Among all the Dodgers eligible for salary arbitration this offseason, Kenley Jansen will be the highest-paid player. Now it's just a matter of figuring out how much the closer will make in his final season before free agency.
Jansen has been so valuable to the Dodgers, and his combination of youth (he's only 28) and relative low mileage on his arm (having only been pitching since mid-2009) make him a prime candidate for a multi-year contract extension.
But whether the Dodgers decide to extend Jansen or let him leave as a free agent, there is still the matter of figuring out his salary for 2016.
Jansen had a 2.41 ERA and saved 36 games in 38 opportunities in 2015, with 80 strikeouts and just eight walks. He ranked eighth among MLB relievers in FIP (2.14), fourth in xFIP (2.29), second in SIERA (1.43), third in strikeout rate (40 percent), seventh in walk rate (4 percent) and first in K-BB% (36 percent).
He has been one of the top closers in the game pretty much since assuming the role with the Dodgers, with Jansen likely nestling in comfortably in third position, behind Craig Kimbrel and Aroldis Chapman.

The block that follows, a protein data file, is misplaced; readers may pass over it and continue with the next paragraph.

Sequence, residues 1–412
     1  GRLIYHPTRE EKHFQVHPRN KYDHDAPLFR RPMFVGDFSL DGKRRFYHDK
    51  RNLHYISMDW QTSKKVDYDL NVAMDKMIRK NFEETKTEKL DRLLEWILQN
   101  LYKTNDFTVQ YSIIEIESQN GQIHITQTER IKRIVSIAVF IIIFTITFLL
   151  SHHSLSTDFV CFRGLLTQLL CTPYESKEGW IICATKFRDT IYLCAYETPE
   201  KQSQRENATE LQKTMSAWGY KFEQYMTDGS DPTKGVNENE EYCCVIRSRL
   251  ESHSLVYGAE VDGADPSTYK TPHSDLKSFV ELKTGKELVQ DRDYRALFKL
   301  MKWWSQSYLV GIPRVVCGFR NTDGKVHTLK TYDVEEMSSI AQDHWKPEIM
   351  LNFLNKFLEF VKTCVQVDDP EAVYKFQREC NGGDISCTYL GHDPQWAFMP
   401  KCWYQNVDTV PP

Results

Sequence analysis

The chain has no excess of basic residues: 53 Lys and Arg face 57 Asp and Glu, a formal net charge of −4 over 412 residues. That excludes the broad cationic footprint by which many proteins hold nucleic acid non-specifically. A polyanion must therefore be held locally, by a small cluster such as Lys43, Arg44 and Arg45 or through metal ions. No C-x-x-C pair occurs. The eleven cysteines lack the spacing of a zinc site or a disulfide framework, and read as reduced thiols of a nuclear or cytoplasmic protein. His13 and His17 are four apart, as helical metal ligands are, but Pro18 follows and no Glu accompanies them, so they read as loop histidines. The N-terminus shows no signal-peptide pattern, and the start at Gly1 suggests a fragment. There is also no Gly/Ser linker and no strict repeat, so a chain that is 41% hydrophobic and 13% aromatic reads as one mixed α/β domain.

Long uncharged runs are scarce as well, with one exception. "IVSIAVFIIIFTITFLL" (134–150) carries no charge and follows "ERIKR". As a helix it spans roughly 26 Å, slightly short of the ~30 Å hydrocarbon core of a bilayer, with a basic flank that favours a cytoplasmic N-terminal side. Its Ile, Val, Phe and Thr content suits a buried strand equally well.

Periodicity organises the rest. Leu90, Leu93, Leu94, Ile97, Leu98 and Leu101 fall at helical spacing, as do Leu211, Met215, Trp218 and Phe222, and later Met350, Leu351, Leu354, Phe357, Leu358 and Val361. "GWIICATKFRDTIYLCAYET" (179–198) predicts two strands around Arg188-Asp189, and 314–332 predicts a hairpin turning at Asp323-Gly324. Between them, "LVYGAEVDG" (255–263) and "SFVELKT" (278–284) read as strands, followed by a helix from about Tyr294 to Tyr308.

Kimbrel would have been a free agent after 2016 like Jansen and Chapman, but he signed a multi-year extension before the 2014 season, his first year of arbitration eligibility. That makes it tough to use Kimbrel as a comp for Jansen, because the Braves, Padres and now-Red Sox closer, it could be argued, took some sort of discount in exchange for the security of a long-term deal, which in Kimbrel's case was for four years, plus a club option for a fifth year (2018).
Chapman has gone year-to-year in arbitration, but has earned between eight and 16 percent more than Jansen through the process.
|The Big 3 during their arbitration years|
Jansen saw a 72.7-percent increase in salary from 2014 to 2015. That same increase in 2016 would net Jansen about $12.8 million. With the 61-percent Chapman got last year, Jansen's 2016 salary will be $11.95 million.
But let's see if there are some other relatively recent closers with career numbers similar to Jansen.
|Recent closers comparable to Kenley Jansen|
You could look at these comps in a couple of ways. For one, Jonathan Papelbon had a better track record (remember, saves get you paid) so his $12 million salary through arbitration in 2011 could be seen as a sort of ceiling for Jansen, perhaps with inflation factored in.
On the other hand, those four closers saw an average increase in salary in their final arbitration year of 41.6 percent, which would suggest a 2016 salary for Jansen of $10.5 million.
My guess is Jansen beats that, settling in at $11.1 million for 2016, a 49.5-percent increase over 2015.